Russian Cyber Threats: The Real Story Behind the Hype
“Russian Cyber Threats” thoroughly reviews the subject in its proper context.Russia considers cyber means as just one capability in its information warfarearsenal. And contemporary Russian information warfare draws upon a long andwell-established doctrine, now comfortably fitting into an environment of systemiccorruption. The presentation begins with observations about today’s Russia, andthen looks back to discussions of the Military-Technical Revolution during the1970s and 1980s, doctrinal consistency during the Yeltsin years and the shock ofthe Chechen wars. “We surrendered this terrain [the Internet] some time ago, butnow we are entering the game again,” said Russian President Vladimir Putin. Inparallel, beginning with the Soviet KGB, Russian structures have grown morecomplex, including today’s FSB, GRU and SVR, and a network of allied criminalgroups. The presentation highlights the role of the siloviki (people of power) in thecountry’s information warfare efforts. As Putin said, Russia rejoined “the game”energetically. The presentation examines the 2007 cyber attacks on Estonia and the2008 attacks on Georgia in the first ever combined kinetic and cyber war. It looksat how Russia uses cyber means against its internal opposition and how it usesUkraine as a cyber warfare test-bed. The presentation suggests that several factorsdrive the current trends in Russian cyber capabilities. Finally, it surveys currenttrends: growing sophistication of tactics, techniques, procedures and tools, supplychain threats, false flag operations, third party entry vectors, troll factories, cyberespionage, interference in western politics, outsourcing and inter-agency rivalries.“Russian Cyber Threats” is updated with breaking developments and new researchand has been presented worldwide since 2010.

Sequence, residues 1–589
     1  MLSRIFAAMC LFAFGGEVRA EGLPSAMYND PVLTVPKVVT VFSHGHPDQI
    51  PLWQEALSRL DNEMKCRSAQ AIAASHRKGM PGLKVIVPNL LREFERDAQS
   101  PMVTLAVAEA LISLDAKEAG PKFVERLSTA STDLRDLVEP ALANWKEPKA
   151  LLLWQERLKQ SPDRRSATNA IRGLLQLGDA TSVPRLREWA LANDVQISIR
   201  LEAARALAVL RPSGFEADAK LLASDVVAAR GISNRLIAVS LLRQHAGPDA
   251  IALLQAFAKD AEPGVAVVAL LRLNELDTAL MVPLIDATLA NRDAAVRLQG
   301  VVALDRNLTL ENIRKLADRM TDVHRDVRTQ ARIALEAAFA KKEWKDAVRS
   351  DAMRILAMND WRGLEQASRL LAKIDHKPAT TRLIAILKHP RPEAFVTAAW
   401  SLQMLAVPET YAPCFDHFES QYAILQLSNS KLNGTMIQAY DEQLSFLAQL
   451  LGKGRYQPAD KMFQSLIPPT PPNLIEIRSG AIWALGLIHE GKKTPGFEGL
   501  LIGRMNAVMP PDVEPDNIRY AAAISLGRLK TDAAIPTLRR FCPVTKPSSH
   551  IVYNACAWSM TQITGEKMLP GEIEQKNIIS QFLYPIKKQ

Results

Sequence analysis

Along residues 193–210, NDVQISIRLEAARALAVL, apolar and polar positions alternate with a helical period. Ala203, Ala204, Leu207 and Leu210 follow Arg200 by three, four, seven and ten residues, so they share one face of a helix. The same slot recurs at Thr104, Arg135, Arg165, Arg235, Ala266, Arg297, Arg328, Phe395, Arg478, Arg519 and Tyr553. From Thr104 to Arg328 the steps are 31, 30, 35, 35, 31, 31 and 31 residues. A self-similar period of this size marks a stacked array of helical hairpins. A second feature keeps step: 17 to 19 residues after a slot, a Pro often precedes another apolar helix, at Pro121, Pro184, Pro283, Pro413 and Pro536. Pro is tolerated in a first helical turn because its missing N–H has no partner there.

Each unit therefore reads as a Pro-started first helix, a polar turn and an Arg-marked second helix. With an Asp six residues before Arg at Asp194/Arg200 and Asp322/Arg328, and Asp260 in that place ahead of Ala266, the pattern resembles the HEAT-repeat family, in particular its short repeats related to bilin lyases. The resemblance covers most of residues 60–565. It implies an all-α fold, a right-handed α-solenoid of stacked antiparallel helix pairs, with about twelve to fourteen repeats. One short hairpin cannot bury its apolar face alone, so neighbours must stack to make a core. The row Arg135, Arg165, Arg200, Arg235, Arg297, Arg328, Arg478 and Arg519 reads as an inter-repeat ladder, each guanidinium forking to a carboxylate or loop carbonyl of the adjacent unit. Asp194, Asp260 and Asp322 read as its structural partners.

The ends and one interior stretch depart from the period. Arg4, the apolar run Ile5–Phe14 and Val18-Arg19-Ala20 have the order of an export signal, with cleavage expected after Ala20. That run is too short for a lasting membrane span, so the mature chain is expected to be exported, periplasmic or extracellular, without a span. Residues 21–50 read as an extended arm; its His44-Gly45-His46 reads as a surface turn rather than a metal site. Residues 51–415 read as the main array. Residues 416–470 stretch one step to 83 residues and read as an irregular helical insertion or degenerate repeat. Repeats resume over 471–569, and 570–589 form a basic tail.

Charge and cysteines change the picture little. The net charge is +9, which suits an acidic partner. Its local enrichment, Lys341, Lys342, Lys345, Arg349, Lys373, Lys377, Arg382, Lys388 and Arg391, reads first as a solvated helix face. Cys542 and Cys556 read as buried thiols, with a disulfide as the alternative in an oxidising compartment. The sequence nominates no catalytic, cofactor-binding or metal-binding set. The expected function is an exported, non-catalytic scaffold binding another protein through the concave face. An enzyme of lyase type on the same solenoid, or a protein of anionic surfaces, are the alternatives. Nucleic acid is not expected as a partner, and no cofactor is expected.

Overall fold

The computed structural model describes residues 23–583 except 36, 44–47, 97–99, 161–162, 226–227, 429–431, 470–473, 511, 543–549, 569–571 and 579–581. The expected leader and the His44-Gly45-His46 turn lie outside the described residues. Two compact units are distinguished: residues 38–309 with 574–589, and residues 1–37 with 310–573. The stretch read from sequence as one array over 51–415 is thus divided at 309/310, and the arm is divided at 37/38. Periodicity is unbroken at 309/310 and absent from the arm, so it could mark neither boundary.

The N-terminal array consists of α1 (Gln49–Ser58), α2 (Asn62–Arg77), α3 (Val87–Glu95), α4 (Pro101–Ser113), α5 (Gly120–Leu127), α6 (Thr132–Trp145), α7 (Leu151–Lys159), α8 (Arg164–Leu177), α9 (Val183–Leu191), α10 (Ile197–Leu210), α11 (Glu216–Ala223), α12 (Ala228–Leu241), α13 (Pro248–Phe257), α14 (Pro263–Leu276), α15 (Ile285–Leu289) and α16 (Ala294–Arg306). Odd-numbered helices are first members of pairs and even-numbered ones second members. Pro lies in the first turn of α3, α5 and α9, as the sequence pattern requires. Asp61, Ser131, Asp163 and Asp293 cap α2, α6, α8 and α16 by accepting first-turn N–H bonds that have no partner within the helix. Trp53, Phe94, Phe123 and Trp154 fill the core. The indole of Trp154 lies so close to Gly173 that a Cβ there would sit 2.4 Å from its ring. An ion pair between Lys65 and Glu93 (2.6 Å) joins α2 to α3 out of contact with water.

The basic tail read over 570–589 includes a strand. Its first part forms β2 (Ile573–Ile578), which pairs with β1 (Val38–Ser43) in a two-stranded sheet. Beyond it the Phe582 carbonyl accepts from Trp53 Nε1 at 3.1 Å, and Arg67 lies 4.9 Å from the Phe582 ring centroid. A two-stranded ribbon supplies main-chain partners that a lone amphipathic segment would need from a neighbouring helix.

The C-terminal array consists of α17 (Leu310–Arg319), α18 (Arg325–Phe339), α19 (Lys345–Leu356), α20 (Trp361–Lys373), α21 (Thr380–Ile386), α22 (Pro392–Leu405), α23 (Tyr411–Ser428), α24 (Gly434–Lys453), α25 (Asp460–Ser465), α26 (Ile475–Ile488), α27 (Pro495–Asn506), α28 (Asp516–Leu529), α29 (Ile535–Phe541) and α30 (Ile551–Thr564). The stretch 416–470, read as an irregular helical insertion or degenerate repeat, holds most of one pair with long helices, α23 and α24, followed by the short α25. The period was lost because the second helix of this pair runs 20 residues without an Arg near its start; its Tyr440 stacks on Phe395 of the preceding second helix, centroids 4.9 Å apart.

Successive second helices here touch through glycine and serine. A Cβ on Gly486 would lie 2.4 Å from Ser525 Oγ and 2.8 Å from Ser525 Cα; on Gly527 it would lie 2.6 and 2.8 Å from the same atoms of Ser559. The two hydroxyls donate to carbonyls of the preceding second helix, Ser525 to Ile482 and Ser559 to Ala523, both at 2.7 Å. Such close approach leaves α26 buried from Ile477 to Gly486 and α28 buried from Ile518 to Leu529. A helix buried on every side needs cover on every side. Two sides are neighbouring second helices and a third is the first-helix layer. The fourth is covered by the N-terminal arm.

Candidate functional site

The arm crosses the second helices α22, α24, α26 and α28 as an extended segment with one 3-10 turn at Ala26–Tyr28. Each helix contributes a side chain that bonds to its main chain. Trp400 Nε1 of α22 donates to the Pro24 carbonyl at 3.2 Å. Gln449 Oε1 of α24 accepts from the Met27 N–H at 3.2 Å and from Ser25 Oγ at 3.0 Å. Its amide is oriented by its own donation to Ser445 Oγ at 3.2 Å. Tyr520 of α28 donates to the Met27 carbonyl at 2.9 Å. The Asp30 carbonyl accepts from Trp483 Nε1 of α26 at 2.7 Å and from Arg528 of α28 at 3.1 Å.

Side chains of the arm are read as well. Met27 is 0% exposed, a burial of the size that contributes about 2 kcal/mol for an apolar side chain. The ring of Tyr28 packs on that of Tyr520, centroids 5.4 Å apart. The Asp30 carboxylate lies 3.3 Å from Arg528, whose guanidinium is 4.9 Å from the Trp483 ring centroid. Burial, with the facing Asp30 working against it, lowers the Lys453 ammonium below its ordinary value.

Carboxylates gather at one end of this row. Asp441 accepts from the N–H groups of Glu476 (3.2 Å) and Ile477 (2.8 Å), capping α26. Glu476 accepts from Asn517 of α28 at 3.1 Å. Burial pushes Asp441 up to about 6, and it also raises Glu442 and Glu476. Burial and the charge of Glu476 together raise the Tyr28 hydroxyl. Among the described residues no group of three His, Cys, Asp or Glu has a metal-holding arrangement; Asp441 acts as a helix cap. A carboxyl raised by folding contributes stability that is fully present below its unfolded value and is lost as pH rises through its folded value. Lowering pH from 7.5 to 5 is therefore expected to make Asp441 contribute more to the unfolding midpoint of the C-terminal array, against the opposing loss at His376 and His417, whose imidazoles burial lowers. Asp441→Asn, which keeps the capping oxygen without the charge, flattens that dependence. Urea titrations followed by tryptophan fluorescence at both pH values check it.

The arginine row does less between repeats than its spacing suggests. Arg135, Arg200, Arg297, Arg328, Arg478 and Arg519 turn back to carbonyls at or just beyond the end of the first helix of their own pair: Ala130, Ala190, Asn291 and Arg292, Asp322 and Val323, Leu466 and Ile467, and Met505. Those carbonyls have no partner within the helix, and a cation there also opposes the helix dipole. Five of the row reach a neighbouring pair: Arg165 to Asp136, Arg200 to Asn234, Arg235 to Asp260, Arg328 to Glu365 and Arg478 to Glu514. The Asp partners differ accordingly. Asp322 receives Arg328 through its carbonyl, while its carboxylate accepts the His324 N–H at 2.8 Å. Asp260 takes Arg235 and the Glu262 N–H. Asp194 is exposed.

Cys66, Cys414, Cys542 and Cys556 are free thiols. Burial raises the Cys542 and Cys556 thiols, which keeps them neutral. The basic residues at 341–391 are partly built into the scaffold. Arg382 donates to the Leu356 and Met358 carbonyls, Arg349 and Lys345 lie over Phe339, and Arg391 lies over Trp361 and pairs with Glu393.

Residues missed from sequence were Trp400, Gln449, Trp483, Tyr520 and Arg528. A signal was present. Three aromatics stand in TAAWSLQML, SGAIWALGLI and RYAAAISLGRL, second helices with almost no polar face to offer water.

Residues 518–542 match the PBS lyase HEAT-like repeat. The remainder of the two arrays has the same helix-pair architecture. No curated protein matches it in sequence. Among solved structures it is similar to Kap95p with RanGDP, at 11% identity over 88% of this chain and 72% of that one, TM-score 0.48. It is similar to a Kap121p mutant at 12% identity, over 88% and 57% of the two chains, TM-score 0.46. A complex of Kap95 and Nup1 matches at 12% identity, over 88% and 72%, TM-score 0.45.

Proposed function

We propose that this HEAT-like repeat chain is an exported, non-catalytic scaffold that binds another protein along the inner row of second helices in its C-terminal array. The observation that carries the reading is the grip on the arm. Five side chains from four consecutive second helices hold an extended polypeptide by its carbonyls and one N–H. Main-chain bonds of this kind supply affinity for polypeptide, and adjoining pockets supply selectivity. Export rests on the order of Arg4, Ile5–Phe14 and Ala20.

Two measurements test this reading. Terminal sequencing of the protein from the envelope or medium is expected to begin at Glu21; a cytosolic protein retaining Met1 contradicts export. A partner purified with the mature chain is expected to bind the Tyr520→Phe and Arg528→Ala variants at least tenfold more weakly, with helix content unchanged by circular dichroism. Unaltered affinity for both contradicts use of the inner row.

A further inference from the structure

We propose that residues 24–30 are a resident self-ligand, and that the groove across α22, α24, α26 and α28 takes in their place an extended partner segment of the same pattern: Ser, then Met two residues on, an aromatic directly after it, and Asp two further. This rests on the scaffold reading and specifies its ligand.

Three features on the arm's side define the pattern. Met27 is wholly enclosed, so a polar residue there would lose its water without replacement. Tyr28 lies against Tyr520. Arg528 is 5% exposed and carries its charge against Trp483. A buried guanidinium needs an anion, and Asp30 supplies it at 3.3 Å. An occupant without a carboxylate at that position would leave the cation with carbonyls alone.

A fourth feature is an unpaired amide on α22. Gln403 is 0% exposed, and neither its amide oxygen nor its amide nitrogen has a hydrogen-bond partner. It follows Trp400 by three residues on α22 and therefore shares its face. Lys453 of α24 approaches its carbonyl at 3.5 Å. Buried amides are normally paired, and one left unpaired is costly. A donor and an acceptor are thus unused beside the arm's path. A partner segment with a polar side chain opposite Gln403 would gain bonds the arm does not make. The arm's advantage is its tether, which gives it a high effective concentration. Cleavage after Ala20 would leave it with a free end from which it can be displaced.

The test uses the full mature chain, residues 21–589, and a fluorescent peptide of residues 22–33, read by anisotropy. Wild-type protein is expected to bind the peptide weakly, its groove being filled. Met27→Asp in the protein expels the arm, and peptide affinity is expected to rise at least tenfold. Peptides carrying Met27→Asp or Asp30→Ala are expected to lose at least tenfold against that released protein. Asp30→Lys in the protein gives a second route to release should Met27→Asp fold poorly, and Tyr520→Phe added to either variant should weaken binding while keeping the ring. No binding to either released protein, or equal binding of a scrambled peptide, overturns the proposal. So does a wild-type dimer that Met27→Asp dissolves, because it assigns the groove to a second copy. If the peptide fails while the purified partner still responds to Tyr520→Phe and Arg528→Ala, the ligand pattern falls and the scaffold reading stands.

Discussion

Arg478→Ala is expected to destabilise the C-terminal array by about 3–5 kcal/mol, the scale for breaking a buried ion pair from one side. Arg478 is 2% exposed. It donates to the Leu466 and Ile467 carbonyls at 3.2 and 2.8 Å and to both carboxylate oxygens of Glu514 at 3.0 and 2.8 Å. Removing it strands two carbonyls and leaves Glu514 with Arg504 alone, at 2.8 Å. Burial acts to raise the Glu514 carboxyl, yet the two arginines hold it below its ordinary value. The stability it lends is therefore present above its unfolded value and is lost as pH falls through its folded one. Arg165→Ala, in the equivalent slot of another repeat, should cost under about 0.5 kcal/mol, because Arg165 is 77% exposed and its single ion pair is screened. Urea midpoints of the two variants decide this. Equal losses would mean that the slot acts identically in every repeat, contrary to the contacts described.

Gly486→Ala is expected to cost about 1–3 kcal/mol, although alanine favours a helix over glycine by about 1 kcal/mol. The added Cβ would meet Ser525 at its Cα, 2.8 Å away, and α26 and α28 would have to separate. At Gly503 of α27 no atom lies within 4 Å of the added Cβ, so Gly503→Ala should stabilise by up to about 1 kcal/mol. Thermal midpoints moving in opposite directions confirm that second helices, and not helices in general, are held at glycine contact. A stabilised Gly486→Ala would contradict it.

Dr. Khatuna Mshvidobadze is an Adjunct Professor of Cybersecurity at Utica College. She is also a Principal at Cyberlight Global Associates, LLC, and a Senior Fellow atthe Georgian Foundation for Strategic (GFSIS) and International Studies. Her Presentations on “Russian Cyber Threats” have been made at FBI Headquarters andfield offices, US Department of Homeland Security, US Department of Justice, US Department of Defense/Office of the Secretary of Defense, as well as at various American private companies, think tanks, institutions and associations. Dr. Mshvidobadze has been Deputy Director of the Information Center on NATO and Adviser to the office of the Ministry of Defense of Georgia. An expert on cybersecurity and geopolitics, her articles have appeared in Georgian and in English, including in Defense News, Jane's Defence Weekly, US News & World Report, Jane's Foreign Report, Radio Free Europe/Radio Liberty and more. She is also theauthor of numerous “Expert Opinion” papers, reports and training courses on cyberissues. In 2015, she published a monograph, "Georgia Cyber Barometer Report", under the auspices of the UK National Crime Agency.
She holds a B.A. in English and Western Literature from Tbilisi State University, an M.B.A. from the Caucasus School of Business, an M.S. in Cyber Forensics andIntelligence from Utica College and a Ph.D. from Georgian Technical University. Inthe autumn of 2011, she was a Rumsfeld Fellow at the Johns Hopkins UniversitySchool for Advanced International Studies.